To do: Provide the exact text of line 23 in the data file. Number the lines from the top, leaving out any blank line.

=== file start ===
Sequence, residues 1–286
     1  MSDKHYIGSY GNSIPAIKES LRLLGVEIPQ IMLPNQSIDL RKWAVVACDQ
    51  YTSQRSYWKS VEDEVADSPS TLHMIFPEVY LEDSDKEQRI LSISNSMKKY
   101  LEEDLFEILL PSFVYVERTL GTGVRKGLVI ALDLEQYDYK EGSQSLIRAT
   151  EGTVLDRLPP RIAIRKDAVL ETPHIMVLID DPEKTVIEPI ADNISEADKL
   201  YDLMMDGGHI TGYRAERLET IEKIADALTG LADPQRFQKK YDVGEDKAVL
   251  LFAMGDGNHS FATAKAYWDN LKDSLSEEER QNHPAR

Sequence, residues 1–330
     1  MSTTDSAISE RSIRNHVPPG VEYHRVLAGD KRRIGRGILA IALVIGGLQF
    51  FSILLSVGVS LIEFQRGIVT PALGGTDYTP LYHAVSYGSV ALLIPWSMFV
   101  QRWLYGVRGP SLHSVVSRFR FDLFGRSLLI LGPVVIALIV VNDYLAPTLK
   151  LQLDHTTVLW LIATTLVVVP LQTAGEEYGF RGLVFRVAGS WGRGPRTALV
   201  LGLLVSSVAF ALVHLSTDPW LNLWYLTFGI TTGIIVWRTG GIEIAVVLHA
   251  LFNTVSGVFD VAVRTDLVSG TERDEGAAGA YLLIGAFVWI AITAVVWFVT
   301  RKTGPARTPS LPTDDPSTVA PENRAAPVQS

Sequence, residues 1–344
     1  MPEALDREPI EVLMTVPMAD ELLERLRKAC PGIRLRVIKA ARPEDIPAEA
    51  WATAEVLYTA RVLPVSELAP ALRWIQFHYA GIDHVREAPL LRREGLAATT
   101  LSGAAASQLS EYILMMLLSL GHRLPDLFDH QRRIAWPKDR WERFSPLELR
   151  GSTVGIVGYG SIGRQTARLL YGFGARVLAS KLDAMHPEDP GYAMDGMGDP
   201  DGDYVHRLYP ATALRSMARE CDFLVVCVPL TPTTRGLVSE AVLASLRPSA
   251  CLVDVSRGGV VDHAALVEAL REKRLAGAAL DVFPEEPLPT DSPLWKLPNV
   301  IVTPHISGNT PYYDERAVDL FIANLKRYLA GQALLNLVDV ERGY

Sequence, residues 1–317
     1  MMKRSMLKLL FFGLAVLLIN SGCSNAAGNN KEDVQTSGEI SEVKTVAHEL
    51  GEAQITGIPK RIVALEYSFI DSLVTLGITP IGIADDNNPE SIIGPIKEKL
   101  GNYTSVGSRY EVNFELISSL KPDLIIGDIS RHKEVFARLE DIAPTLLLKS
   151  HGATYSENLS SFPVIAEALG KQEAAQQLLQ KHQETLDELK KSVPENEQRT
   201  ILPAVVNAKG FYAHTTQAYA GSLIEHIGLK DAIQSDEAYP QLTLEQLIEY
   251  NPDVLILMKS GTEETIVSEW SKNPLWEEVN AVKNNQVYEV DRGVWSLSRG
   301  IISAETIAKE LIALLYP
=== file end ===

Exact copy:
   301  IVTPHISGNT PYYDERAVDL FIANLKRYLA GQALLNLVDV ERGY